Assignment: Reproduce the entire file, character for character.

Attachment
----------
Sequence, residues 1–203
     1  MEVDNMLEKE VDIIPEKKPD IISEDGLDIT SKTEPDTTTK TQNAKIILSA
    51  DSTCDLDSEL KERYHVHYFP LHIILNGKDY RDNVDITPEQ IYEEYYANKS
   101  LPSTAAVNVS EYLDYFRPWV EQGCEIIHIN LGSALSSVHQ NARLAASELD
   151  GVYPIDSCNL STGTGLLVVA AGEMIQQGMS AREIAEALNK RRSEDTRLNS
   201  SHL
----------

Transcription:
Sequence, residues 1–203
     1  MEVDNMLEKE VDIIPEKKPD IISEDGLDIT SKTEPDTTTK TQNAKIILSA
    51  DSTCDLDSEL KERYHVHYFP LHIILNGKDY RDNVDITPEQ IYEEYYANKS
   101  LPSTAAVNVS EYLDYFRPWV EQGCEIIHIN LGSALSSVHQ NARLAASELD
   151  GVYPIDSCNL STGTGLLVVA AGEMIQQGMS AREIAEALNK RRSEDTRLNS
   201  SHL